Individuals with a low power distance cultural background may more openly express agreement and disagreement with clinician advice and suggestions, ask questions, and expect to be involved in the development of intervention plans.
Masculinity-femininity cultural dimension is addressed as a societal, not an individual's, characteristic and "refers to the distribution of values between the genders …" (Hofstede, 2011). A society is called feminine when there is not a strong differentiation between the genders for emotional and social roles—both men and women should be modest and caring and both boys and girls may cry, but neither should fight. In masculine societies, both men and women are assertive and competitive; however women are less so than men.
For individuals from a highly masculine cultural background, mothers may tend to feel more comfortable dealing with the emotional implications of a diagnosis from a clinician, while fathers may feel more comfortable handling the factual aspects of the situation and show less emotion in response to a diagnoses. In a clinical situation, this may include appointment scheduling, payment, and questions for the clinician.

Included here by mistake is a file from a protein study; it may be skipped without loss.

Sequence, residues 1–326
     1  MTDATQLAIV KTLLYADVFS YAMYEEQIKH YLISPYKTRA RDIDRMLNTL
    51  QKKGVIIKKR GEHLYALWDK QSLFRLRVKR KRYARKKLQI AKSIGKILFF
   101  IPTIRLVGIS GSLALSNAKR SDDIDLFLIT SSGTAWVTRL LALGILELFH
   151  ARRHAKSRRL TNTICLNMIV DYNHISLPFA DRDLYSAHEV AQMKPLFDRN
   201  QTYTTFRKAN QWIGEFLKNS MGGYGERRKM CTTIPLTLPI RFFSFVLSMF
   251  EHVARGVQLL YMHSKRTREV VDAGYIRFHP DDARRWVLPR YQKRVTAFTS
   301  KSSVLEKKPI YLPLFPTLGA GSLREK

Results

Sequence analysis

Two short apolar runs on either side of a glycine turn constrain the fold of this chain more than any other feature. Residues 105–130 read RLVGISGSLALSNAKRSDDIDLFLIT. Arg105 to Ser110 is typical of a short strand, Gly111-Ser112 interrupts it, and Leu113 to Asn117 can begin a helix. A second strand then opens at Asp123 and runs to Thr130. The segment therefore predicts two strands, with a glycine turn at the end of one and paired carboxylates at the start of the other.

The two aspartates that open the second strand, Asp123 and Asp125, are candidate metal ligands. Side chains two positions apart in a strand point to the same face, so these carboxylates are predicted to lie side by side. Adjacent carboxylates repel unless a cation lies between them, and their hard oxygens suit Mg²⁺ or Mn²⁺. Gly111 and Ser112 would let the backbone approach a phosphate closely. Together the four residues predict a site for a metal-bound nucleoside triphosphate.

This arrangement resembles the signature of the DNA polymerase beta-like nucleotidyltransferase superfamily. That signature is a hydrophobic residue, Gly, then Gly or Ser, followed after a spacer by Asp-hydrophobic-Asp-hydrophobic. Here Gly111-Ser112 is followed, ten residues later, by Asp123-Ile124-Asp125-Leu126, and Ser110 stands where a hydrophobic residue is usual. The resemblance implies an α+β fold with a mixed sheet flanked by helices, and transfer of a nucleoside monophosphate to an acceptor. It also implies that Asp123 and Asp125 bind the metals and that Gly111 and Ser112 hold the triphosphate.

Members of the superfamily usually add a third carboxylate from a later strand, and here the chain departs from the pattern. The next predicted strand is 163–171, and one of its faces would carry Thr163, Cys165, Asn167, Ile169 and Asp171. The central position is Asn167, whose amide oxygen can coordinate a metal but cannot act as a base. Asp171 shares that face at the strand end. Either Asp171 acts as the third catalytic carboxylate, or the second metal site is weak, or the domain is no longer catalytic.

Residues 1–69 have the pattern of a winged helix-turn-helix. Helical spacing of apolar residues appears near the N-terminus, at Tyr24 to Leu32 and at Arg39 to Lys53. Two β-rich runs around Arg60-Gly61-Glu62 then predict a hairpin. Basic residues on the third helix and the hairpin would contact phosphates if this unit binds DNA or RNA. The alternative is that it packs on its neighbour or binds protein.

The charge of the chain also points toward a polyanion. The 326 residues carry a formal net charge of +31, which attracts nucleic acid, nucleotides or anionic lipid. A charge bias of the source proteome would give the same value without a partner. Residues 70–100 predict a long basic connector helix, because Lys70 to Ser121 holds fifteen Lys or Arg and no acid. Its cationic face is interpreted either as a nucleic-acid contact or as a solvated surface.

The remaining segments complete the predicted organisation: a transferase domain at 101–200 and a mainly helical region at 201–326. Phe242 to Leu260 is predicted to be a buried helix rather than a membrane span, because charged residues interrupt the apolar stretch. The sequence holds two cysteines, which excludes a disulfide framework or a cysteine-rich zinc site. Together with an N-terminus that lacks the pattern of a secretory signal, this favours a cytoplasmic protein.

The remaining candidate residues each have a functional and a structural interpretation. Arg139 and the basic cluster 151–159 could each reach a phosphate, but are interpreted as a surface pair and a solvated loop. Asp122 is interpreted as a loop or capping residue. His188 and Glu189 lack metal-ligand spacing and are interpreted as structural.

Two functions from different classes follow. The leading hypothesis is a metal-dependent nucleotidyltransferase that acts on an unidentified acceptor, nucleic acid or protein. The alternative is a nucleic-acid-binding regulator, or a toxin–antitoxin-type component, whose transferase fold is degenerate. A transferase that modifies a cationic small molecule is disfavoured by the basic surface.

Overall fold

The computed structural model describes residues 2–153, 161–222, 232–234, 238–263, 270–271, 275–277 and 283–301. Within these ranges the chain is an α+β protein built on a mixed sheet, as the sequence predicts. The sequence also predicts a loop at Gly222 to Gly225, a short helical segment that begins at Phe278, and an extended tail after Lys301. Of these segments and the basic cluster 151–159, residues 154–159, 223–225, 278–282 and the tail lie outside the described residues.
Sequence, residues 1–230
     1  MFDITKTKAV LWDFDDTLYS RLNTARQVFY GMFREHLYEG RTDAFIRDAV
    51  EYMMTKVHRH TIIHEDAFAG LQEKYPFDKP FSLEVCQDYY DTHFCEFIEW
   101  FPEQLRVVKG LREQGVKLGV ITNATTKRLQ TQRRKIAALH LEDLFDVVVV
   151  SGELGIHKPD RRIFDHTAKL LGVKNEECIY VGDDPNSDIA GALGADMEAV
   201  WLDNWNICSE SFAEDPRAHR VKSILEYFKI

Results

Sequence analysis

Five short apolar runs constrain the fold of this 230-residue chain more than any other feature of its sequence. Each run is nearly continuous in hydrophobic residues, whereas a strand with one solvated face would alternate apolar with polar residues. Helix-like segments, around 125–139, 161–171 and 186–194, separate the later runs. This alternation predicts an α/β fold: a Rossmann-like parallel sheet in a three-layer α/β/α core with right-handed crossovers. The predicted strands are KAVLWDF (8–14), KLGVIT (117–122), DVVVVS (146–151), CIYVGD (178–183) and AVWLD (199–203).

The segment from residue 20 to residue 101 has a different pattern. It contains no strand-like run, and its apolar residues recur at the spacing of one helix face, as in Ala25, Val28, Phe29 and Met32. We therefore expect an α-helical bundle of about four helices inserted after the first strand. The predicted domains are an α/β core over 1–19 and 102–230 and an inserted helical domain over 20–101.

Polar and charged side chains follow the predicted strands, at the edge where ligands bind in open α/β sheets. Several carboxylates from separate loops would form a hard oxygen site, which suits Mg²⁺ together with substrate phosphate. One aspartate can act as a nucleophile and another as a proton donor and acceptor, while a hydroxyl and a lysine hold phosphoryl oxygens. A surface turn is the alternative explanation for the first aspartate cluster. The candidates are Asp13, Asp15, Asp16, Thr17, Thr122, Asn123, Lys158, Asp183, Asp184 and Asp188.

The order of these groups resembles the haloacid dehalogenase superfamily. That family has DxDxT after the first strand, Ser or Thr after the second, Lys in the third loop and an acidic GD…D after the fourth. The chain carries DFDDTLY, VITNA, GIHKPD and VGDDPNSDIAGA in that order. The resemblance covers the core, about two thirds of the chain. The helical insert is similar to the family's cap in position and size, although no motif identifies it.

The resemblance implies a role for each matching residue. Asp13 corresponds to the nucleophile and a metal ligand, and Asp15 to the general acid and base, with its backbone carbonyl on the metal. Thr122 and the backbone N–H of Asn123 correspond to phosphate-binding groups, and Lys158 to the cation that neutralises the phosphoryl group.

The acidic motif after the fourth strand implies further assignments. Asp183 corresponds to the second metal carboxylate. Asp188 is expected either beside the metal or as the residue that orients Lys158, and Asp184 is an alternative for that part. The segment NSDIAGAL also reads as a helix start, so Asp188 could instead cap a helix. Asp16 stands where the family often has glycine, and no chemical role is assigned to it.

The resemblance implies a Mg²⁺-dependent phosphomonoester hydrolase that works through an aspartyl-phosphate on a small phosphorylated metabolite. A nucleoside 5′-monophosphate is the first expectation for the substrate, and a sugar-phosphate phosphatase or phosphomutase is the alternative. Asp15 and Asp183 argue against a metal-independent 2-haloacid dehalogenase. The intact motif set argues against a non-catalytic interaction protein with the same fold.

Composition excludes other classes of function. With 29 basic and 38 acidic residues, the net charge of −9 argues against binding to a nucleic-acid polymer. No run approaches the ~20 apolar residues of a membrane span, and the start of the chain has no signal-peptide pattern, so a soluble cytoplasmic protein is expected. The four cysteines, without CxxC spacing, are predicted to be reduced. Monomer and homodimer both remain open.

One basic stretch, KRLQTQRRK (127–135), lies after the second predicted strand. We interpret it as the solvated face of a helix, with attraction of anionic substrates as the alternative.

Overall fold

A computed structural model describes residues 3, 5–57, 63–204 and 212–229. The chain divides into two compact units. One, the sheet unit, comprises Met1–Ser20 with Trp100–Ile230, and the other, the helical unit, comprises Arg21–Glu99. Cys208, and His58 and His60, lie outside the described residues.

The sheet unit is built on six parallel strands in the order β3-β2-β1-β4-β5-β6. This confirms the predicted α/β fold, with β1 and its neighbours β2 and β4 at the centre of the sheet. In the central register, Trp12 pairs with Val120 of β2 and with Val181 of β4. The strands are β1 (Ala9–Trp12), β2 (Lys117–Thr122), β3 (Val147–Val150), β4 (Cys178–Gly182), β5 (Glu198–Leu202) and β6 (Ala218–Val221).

In a feminine culture, these roles in clinical interactions may be more evenly split across the male and female members of a family, and emotional responses may be more clearly observed across both genders.
The uncertainty avoidance dimension indicates the level of comfort with unstructured situations, in which unstructured situations are "novel, unknown, surprising, and different from usual" (Hofstede 2011). The uncertainty avoidance dimension is different from "risk avoidance" (Hofstede 2011). It encompasses a culture's tolerance for ambiguity. Cultures high in uncertainty avoidance avoid unstructured situations with "strict behavior codes, laws and rules, disapproval of deviant opinions, and a belief in an absolute Truth …" (Hofstede, 2011).
Clinicians often encounter questions about prognosis and outcome when working with both children and adults.
Individuals from a strong uncertainty avoidance cultural background may feel a strong need for a definitive prognosis, time line, and outcomes expectations.
Individuals from a weak uncertaintiy avoidance cultural background may feel more comfortable with the unknown and have less need for a definitive prognosis.
Long- and Short-Term Orientation